No Experience of Union Formation as a Proximate Determinant of Remaining Childless

Ryohei Mogi , Pompeu Fabra University
Ewa Batyra, Center for Demographic Studies
Ilya Kashnitsky, Interdisciplinary Centre On Population Dynamics, University Of Southern Denmark

The main driver of current low fertility rates in most high-income countries is the increasing childless population, and this trend has also started in some low- and middle-income countries. Understanding the determinants of childlessness is crucial, given that most individuals remain childless unintentionally. There are various factors influencing fertility outcomes, and they can be classified into indirect factors (e.g., economic or environmental influences) and direct, proximate, factors (e.g., union formation or contraceptive use). This study uses data from the Generations and Gender Survey and the Demographic and Health Surveys to explore the association the proportion of individuals who have never formed a union among the childless population aged 35 and above and the proportion of childless population. Our analyses span from 64 countries in Europe, post-Soviet area, Latin America, Asia and Africa, revealing two two major trends. First, countries with a higher Human Development Index tend to have higher levels of childlessness for both genders. The gender gap in childlessness varies across development levels, with men being more likely than women to stay childless in most of Europe, post-Soviet countries, and Latin America, while for the rest of the world the results are mixed. Second, our results may also indicate that union formation plays a major role in the likelihood of remaining childless when the prevalence of childlessness is still low. However, as the proportion of childless population rises, other factors might become more prominent.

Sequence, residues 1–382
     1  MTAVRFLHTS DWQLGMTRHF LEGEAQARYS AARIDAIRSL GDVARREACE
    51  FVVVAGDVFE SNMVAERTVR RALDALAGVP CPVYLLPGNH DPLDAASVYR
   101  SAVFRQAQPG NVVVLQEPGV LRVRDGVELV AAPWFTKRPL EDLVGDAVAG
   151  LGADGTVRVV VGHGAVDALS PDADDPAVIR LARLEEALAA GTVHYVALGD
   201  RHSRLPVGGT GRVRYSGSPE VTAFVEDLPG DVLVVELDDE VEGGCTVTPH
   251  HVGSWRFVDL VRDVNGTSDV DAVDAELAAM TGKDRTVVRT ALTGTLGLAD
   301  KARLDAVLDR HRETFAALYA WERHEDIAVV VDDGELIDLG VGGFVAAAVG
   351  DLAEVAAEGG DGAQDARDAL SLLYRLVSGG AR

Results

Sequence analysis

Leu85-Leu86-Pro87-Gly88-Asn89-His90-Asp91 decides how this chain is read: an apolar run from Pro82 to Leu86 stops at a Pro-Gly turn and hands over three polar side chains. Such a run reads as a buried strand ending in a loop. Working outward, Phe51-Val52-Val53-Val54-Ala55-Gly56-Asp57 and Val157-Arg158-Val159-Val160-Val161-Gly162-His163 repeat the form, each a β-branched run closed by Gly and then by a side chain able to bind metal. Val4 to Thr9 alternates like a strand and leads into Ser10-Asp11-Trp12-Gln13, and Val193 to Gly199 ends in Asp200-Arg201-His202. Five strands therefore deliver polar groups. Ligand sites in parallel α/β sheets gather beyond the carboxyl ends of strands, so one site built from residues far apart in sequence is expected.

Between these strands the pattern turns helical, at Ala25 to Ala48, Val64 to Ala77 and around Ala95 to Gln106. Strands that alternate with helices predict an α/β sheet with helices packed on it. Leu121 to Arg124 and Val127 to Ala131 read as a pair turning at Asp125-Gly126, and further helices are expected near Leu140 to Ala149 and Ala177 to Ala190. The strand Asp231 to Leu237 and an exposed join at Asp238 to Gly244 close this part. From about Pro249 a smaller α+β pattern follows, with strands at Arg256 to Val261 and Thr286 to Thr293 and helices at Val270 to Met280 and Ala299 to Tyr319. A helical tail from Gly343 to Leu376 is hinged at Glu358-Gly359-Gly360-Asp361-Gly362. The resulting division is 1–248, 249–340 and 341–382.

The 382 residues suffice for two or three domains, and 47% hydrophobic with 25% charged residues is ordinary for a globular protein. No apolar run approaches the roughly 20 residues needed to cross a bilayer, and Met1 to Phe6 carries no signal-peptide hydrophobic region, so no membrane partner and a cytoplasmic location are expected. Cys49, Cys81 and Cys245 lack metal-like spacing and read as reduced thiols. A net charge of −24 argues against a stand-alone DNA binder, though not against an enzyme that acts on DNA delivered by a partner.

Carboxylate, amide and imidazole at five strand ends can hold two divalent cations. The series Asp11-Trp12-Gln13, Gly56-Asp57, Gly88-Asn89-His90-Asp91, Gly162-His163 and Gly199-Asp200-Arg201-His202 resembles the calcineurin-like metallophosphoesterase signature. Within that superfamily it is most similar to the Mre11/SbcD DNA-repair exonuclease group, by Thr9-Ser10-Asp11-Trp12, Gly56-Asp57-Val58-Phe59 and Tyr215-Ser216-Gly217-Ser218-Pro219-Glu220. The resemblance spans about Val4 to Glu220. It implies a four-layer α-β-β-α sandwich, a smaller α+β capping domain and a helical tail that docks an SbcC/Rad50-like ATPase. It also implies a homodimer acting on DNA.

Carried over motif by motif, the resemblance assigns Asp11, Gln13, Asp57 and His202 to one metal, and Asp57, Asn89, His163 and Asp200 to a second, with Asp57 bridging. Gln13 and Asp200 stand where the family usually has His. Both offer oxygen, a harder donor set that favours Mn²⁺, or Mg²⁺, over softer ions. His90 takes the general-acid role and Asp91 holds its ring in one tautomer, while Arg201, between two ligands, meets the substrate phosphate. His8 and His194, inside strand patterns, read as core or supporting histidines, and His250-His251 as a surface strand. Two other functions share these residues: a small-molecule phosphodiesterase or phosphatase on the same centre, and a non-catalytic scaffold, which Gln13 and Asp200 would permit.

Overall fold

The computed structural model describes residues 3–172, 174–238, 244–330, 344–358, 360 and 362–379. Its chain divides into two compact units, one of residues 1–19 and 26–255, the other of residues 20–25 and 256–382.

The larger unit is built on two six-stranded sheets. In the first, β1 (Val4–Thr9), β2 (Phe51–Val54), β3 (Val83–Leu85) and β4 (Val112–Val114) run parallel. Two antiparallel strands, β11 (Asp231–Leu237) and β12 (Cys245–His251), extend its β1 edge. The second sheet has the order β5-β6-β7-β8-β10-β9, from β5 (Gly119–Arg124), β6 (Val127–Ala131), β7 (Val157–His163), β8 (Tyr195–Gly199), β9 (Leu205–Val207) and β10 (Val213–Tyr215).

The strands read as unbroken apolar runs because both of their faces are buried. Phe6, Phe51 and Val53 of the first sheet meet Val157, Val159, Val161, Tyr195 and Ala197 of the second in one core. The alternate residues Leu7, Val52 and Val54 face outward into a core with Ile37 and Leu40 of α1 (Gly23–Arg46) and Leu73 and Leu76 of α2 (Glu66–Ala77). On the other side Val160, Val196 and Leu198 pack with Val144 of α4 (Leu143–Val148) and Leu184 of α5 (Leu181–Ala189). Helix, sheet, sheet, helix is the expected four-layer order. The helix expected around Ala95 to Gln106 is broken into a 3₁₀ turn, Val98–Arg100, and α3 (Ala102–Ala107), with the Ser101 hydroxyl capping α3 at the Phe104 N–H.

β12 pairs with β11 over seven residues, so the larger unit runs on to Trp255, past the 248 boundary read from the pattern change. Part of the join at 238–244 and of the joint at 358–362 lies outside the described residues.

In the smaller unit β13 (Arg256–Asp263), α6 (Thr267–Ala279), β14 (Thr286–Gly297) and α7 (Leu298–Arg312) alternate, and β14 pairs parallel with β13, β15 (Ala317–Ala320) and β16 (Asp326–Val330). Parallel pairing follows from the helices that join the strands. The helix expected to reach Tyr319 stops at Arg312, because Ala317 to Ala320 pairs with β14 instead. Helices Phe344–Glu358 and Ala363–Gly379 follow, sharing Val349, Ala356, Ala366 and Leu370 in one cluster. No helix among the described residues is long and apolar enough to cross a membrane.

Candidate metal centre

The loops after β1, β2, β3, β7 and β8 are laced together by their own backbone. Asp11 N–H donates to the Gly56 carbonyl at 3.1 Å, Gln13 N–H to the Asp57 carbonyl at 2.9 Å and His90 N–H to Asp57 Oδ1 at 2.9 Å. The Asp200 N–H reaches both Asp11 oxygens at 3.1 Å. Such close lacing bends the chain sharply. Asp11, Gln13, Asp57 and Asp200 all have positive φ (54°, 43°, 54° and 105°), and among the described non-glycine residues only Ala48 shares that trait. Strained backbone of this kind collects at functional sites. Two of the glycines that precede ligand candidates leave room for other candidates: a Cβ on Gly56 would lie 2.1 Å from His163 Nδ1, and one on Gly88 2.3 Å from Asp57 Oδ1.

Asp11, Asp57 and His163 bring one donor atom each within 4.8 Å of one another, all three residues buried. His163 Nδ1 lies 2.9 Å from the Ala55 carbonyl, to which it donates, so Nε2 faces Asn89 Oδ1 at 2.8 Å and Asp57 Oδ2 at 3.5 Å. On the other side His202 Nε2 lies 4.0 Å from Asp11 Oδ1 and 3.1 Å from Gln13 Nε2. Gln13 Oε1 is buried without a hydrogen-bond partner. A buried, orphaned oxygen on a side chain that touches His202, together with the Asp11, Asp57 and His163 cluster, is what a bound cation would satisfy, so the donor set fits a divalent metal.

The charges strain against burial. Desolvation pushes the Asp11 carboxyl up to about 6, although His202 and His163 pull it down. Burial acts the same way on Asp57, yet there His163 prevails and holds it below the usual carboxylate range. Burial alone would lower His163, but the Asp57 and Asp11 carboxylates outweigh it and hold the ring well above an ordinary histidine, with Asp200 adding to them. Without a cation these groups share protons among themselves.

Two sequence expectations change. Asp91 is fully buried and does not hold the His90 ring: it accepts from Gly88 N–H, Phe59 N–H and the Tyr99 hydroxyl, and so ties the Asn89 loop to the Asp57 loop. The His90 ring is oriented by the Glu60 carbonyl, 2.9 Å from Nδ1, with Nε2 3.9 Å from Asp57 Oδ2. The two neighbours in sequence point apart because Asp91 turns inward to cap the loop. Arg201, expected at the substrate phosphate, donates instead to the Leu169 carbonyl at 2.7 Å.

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 Presented in Session 20. Fertility and Singlehood